lecture09-sequencediagrams

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CSE 403
UML Sequence Diagrams
Reading:
UML Distilled Ch. 4, by M. Fowler
These lecture slides are copyright (C) Marty Stepp, 2007. They may not be rehosted, sold, or
modified without expressed permission from the author. All rights reserved.
1
UML sequence diagrams

sequence diagram: an "interaction diagram" that
models a single scenario executing in the system


perhaps 2nd most used UML diagram (behind class diagram)
relation of UML diagrams to other exercises:


CRC cards
use cases
-> class diagram
-> sequence diagrams
2
Key parts of a sequence diag.

participant: an object or entity that acts in the
sequence diagram

sequence diagram starts with an unattached "found message"
arrow

message: communication between participant objects

the axes in a sequence diagram:


horizontal: which object/participant is acting
vertical: time (down -> forward in time)
3
Sequence dg. from use case
4
Representing objects

Squares with object type, optionally preceded by object
name and colon


write object's name if it clarifies the diagram
object's "life line" represented by dashed vert. line
5
Messages between objects

message (method call) indicated by horizontal
arrow to other object

write message name and arguments above arrow
6
Messages, continued

message (method call) indicated by horizontal
arrow to other object


dashed arrow back indicates return
different arrowheads for normal / concurrent
(asynchronous) methods
7
Lifetime of objects

creation: arrow with 'new'
written above it


notice that an object created
after the start of the scenario
appears lower than the
others
deletion: an X at bottom of
object's lifeline

Java doesn't explicitly delete
objects; they fall out of
scope and are garbagecollected
8
Indicating method calls

activation: thick box over object's life line; drawn
when object's method is on the stack


either that object is running its code, or it is on the stack
waiting for another object's method to finish
nest to indicate recursion
Activation
Nesting
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Indicating selection and loops

frame: box around part of a sequence diagram to indicate
selection or loop



if
-> (opt) [condition]
if/else -> (alt) [condition], separated by horizontal dashed line
loop
-> (loop) [condition or items to loop over]
10
linking sequence diagrams

if one sequence diagram is too large or refers to another diagram,
indicate it with either:



an unfinished arrow and comment
a "ref" frame that names the other diagram
when would this occur in our system?
Customer Info
ref
Verify customer credit
Approved?
11
Example sequence diagram
sd Example
StoreFront
loop
Cart
Inventory
AddItem
ReserveItem
Checkout
ProcessOrder
ConfirmOrder
PlaceItemInOrder
12
Forms of system control

What can you say about the control flow of each of the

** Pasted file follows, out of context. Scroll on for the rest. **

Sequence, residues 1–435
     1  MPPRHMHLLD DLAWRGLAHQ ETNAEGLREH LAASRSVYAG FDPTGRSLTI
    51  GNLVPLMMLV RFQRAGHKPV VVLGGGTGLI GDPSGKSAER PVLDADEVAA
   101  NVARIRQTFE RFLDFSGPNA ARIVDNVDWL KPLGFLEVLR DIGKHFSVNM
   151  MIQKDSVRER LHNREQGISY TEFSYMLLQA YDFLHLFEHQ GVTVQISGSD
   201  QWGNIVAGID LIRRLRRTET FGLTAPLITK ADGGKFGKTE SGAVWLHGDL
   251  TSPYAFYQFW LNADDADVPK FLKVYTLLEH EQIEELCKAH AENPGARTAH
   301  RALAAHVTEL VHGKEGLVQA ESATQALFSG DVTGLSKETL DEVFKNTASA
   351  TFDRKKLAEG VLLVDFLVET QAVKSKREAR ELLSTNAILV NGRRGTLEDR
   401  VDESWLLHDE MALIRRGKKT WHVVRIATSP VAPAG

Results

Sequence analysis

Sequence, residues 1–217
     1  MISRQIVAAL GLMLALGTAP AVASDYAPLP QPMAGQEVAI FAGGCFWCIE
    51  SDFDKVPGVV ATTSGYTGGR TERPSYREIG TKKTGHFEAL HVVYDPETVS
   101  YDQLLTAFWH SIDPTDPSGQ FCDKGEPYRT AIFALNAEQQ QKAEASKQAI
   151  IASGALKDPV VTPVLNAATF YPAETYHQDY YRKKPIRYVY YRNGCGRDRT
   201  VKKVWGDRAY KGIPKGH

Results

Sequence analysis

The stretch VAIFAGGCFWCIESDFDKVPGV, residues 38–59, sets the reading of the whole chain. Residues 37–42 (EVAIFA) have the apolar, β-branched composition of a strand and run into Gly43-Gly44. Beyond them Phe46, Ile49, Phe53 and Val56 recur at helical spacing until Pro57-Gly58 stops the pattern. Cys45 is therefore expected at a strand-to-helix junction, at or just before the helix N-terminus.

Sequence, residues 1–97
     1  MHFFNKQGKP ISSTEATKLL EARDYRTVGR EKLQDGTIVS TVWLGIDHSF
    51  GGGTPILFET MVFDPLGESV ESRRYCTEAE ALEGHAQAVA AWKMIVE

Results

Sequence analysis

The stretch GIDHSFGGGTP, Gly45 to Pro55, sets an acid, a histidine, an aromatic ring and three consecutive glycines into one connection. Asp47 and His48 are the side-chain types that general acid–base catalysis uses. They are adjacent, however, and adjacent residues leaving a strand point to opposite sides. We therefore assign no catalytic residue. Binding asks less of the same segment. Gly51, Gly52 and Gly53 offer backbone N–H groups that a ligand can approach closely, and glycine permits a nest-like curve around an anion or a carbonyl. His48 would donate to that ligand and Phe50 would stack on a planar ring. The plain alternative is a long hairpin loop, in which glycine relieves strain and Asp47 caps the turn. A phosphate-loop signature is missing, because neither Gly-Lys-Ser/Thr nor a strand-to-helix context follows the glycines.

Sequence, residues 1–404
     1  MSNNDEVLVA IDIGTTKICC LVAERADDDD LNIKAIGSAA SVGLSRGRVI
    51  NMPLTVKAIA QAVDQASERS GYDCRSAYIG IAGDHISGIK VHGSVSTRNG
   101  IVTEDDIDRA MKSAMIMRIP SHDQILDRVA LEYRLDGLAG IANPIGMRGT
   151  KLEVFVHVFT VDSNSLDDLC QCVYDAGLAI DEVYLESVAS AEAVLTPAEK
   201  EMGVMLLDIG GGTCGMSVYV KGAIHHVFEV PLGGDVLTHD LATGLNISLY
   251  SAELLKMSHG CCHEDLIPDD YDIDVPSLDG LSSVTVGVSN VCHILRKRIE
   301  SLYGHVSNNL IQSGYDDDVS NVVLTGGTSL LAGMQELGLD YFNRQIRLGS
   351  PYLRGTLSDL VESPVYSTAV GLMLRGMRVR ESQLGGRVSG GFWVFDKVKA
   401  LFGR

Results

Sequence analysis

following systems?


Is it centralized?
Is it distributed?
13
Flawed sequence diagram 1

What's wrong with this sequence diagram? (Look at the UML
syntax and the viability of the scenario.)
14
Flawed sequence diagram 2

What's wrong with this sequence diagram?
15
Why not just code it?

Sequence diagrams can be somewhat close to the code
level. So why not just code up that algorithm rather
than drawing it as a sequence diagram?





a good sequence diagram is still a bit above the level
of the real code (not all code is drawn on diagram)
sequence diagrams are language-agnostic (can be
implemented in many different languages
non-coders can do sequence diagrams
easier to do sequence diagrams as a team
can see many objects/classes at a time on same
page (visual bandwidth)
16
Sequence diagram exercise 1

Let's do a sequence diagram for the following casual
use case, Start New Poker Round :
The scenario begins when the player chooses to start a new
round in the UI. The UI asks whether any new players want to
join the round; if so, the new players are added using the UI.
All players' hands are emptied into the deck, which is then
shuffled. The player left of the dealer supplies an ante bet of
the proper amount. Next each player is dealt a hand of two
cards from the deck in a round-robin fashion; one card to each
player, then the second card.
If the player left of the dealer doesn't have enough money to
ante, he/she is removed from the game, and the next player
supplies the ante. If that player also cannot afford the ante,
this cycle continues until such a player is found or all players
are removed.
17
Sequence diagram exercise 2

Let's do a sequence diagram for the following casual
use case, Add Calendar Appointment :
The scenario begins when the user chooses to add a new
appointment in the UI. The UI notices which part of the calendar is
active and pops up an Add Appointment window for that date and
time.
The user enters the necessary information about the appointment's
name, location, start and end times. The UI will prevent the user from
entering an appointment that has invalid information, such as an
empty name or negative duration. The calendar records the new
appointment in the user's list of appointments. Any reminder selected
by the user is added to the list of reminders.
If the user already has an appointment at that time, the user is
shown a warning message and asked to choose an available time or
replace the previous appointment. If the user enters an appointment
with the same name and duration as an existing group meeting, the
calendar asks the user whether he/she intended to join that group
meeting instead. If so, the user is added to that group meeting's list
of participants.
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